You’ve probably run into them before — those seemingly random antagonizers who always end up diverting the conversation in an online chat room or article comment section away from the issue at hand, and towards a much different agenda. Hot-button issues like illegal immigration, the two-party political system, the “war on terror” and even alternative medicine are among the most common targets of such attackers, known as internet “trolls” or “shills,” who in many cases are nothing more than paid lackeys hired by the federal government and other international organizations to sway and ultimately control public opinion.
Several years ago, Canada’s CTV News aired a short segment about how its own government had been exposed for hiring secret agents to monitor social media and track online conversations, as well as the activities of certain dissenting individuals. This report, which in obvious whitewashing language referred to such activities as the government simply “weighing in and correcting” allegedly false information posted online, basically admitted that the Canadian government had assumed the role of secret online police. At the time, this was a great unknown to the general Canadian public.
Of course, the same type of online patrolling by the government is also happening in the U.S., particularly from the CIA and its infamous In-Q-Tel program. At a 2012 summit, former CIA director David Petraeus essentially admitted that the CIA has a covert online presence that it uses not only for data mining purposes but also to infiltrate online conversations for the purpose of protecting “national security” interests. Such interests, it turns out, include disrupting conversations that discuss topics like 9/11 truth, for instance, or U.S. involvement in giving weapons to Syrian rebels.
According to Occupy Corporatism, the U.S. National Security Agency (NSA), which was recently exposed by American hero and whistleblower Edward Snowden for its illegal surveillance programs, has devised a training program that literally scouts out hackers from American colleges and universities and recruits them to work for the government. Among the many duties sought from those enrolled in the National Centers of Academic Excellence in the Cyber Operations Program are “collection, exploitation, and response” activities to take place in the online environment.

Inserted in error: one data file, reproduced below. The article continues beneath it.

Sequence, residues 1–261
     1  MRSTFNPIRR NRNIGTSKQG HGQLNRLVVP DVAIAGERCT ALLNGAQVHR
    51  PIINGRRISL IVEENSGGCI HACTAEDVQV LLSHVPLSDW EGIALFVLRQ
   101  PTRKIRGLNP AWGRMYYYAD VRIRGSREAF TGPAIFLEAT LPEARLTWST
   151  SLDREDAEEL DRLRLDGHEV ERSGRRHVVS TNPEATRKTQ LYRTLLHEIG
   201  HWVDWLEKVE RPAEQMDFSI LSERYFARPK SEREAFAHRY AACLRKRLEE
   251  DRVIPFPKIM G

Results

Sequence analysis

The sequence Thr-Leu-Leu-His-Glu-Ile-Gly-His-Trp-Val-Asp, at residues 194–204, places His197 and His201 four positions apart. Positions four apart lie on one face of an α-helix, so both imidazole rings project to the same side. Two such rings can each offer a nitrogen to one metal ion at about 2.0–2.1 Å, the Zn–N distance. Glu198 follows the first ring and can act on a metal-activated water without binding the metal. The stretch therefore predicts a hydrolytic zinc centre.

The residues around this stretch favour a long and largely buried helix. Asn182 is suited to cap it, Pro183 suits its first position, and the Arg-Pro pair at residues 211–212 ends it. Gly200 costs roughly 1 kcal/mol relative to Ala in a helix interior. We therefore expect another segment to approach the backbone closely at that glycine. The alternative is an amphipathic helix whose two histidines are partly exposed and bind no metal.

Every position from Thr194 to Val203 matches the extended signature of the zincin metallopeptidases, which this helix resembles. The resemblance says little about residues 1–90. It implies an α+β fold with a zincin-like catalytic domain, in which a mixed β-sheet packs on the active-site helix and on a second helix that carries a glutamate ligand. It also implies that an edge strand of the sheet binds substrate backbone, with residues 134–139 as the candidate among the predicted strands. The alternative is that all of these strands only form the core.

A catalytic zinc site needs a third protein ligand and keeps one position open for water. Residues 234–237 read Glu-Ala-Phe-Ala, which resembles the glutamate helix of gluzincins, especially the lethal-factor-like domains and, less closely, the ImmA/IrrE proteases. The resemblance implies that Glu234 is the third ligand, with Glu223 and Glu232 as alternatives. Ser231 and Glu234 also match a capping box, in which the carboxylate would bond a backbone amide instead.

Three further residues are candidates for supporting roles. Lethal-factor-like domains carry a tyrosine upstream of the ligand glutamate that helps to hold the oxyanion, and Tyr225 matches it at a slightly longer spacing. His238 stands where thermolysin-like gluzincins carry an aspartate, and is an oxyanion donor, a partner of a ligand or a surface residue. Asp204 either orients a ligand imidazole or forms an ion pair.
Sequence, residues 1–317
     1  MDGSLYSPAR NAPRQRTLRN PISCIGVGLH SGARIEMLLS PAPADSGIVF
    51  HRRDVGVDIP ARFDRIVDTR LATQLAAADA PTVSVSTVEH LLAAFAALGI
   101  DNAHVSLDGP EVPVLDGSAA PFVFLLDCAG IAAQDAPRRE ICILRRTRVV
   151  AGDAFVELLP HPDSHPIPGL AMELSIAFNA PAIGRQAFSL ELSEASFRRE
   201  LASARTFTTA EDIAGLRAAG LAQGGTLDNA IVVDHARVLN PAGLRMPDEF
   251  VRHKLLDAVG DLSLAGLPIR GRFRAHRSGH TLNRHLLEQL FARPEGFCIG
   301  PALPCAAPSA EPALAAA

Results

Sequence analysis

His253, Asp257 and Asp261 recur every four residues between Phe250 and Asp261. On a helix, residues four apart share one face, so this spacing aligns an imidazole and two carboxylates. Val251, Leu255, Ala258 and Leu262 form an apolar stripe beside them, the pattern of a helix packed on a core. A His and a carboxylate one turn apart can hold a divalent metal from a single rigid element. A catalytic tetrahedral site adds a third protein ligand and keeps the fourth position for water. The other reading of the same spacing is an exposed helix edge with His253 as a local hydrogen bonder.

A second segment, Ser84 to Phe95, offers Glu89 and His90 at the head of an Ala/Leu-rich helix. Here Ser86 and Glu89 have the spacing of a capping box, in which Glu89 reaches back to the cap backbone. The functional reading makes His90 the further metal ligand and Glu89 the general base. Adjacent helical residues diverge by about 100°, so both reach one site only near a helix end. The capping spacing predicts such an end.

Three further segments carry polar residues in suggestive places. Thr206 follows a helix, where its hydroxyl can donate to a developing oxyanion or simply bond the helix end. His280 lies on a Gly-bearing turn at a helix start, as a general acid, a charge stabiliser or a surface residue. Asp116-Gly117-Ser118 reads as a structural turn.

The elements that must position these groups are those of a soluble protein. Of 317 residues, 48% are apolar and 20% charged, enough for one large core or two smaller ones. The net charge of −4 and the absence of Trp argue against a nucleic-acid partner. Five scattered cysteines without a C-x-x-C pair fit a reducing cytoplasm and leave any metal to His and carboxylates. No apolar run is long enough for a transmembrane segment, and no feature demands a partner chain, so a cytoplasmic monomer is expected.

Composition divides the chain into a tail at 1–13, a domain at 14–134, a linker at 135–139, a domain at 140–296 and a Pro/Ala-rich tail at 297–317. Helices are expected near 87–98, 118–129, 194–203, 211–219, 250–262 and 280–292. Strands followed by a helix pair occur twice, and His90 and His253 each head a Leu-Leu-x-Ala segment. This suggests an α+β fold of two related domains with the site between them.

“These ‘cyber operators’ are trained to become an elite team of ‘computer geniuses’ that are experts in computer hacking, digital communications, cyber intelligence — for the purpose of spying on Americans, as well as conducting interactive digital psy-ops with users of the internet,” explains Occupy Corporatism about the program.
National Centers of Academic Excellence - Cyber Operations
The National Security Agency (NSA) is pleased to announce the establishment of a new National Centers of Academic Excellence (CAE) in Cyber Operations Program. The program is in support of the President's National Initiative for Cybersecurity Education (NICE): Building a Digital Nation and furthers the goal to broaden the pool of skilled workers capable of supporting a cyber-secure nation.
The CAE-Cyber Operations program is intended to be a deeply technical, inter-disciplinary, higher education program firmly grounded in the computer science (CS), computer engineering (CE), and/or electrical engineering (EE) disciplines, with extensive opportunities for hands-on applications via labs/exercises.
The CAE-Cyber Operations program complements the existing Centers for Academic Excellence (CAE) in Information Assurance Education (CAE-IAE) and Research (CAE-R) programs, providing a particular emphasis on technologies and techniques related to specialized cyber operations (e.g., collection, exploitation, and response), to enhance the national security posture of our Nation. These technologies and techniques are critical to intelligence, military and law enforcement organizations authorized to perform these specialized operations.
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